At last weekend’s open day, Rosa, a gardening neighbour, gave me two pomelo fruit. So I had two opportunities: to grow my own tree and to make refreshing pomelo salad.
Rosa had grown her trees from home saved seed. Even though Brisbane is becoming more multicultural, there are insufficient Asian grocery stores to meet demand. It’s rare for mainstream garden centres to sell this tree, but fortunately Daleys Fruit Tree Nursery in the Northern Rivers offers a range of named cultivars.
Rosa saved seed from fruit bought at an Asian grocery store in Inala, (south western Brisbane) just over ten years ago. Pomelo (sometimes spelled pumello, Citrus grandis), also known as the shaddock, originates from South and South East Asia. Pomelo fruit are the largest of all citrus fruit, the flesh is usually sweet but neglected trees can produce a variably flavoured crop. They always have a very thick rind which is perfect for making marmalade.
Trees crop heavily when treated well and look very pretty in full crop. Although this is a tropical tree, I’ve seen pomelo thriving in frost-free gardens from Sydney northwards along our subtropical and tropical coast. Pomelo is one of the parents of the grapefruit (a hybrid fruit tree, the other parent being the orange) and the tangelo (another hybrid fruit, the other parent being the tangerine).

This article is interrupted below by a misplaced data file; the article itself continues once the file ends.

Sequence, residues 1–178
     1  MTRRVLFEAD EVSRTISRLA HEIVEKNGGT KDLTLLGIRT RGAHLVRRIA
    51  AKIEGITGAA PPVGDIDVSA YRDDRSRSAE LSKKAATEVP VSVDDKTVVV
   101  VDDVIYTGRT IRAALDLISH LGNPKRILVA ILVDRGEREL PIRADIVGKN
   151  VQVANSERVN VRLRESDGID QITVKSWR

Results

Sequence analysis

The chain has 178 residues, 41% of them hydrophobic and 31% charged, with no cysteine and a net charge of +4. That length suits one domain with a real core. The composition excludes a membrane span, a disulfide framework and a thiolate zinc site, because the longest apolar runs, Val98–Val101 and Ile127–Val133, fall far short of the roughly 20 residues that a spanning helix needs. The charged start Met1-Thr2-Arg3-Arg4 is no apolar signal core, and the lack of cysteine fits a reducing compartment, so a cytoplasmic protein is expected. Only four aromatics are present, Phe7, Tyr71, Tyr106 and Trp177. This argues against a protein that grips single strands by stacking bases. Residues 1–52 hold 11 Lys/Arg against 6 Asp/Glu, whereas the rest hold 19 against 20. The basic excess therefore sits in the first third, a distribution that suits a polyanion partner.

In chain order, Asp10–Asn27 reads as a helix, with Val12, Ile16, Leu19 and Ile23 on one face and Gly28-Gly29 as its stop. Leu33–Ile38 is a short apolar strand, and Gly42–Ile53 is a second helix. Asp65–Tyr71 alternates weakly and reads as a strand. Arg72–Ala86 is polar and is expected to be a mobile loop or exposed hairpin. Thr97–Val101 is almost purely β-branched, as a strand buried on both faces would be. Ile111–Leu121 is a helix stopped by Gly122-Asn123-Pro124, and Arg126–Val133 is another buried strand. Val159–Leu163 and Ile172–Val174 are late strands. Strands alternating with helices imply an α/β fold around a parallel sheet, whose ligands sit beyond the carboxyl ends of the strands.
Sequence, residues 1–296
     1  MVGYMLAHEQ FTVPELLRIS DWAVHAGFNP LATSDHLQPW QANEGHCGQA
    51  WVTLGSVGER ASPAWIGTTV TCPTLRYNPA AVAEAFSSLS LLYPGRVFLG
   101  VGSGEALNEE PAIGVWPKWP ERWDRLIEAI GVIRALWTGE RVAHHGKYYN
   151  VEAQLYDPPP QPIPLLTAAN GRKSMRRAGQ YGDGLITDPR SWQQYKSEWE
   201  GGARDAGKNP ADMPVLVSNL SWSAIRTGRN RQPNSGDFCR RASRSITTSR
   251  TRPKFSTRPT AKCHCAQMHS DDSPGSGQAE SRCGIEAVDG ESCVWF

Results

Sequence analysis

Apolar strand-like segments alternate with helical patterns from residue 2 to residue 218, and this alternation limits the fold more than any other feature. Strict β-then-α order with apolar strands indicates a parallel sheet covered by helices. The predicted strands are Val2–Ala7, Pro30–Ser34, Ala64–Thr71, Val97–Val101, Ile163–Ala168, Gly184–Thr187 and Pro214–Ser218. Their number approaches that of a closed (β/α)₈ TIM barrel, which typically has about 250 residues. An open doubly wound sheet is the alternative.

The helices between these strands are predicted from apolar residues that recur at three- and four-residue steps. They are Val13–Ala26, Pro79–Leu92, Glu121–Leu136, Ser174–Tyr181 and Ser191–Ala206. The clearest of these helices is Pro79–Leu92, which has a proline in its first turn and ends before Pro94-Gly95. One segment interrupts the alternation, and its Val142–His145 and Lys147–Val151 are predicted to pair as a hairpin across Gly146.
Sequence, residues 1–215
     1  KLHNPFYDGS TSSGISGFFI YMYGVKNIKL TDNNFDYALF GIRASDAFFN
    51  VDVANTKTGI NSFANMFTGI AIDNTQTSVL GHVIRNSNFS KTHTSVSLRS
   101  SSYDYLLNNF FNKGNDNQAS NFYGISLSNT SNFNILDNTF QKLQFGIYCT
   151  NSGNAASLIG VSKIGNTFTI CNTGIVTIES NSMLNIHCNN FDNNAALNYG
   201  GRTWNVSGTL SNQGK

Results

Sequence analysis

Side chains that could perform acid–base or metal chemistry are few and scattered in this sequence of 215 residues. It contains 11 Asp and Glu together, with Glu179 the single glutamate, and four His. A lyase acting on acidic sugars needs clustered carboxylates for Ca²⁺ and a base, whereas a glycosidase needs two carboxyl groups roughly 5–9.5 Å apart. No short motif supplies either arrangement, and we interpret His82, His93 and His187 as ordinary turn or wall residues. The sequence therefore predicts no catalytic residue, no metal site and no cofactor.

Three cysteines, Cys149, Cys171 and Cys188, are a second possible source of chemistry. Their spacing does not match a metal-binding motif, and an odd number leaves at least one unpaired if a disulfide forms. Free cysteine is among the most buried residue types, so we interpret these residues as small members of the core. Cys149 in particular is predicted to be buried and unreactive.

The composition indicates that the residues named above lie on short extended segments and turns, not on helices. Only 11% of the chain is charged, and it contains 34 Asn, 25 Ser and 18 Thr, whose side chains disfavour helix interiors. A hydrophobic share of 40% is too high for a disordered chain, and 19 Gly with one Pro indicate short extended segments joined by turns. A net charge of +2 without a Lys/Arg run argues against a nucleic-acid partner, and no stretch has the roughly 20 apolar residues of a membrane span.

Pomelo trees grow readily from seed, especially if well nourished and prevented from becoming root bound. Like most seed grown citrus, plants take five (sometimes more) years to fruit. I got enough seed from Rosa’s two pomelo to start a commercial orchard. As with all citrus, the seed must not dry out before sowing as this harms the embyo. I’m sowing them today in a seed tray using fresh sowing mix.
I used the flesh to make Thai-style pomelo salad, a sweet and sour dish:
1 full sized pomelo
1 red onion (or equivalent in shallot, multiplier onions or spring onions)
6 cloves locally grown garlic (or equivalent in garlic chives or society garlic)
400g cooked, peeled prawn (or shrimp, chicken, pork, tempeh or tofu)
Chilli (to taste)
Half a tin coconut milk
1 cup coarsely chopped roast peanut
Half a cup of desiccated coconut (ideally toasted coconut flakes)
Juice from 1 lime (if needed)
Fish sauce (to taste)
Handful of fresh coriander, coarsely chopped (Thai coriander, Eryngium foetidum, is also authentic but currently out of season)
Optional – serve on a bed of lettuce.
First remove the pomelo flesh, cutting out segments individually using a sharp knife. Store seed in a sealed container for sowing later. Cut pomelo flesh into bite sized pieces. Place pomelo fruit and juice in a large bowl and fold in the prawns.
Chop garlic, chilli and onion and fry gently until softened. Stir in coconut milk, fish sauce, peanut and desiccated coconut. Add to bowl, stir. This is a moist dish, so add extra lime juice if it looks too dry or to add extra flavour. Serve immediately. Serves four main courses or eight entrees.
You can see Rosa’s Vietnamese garden on Gardening Australia on 6th October 2012.
19th August 2012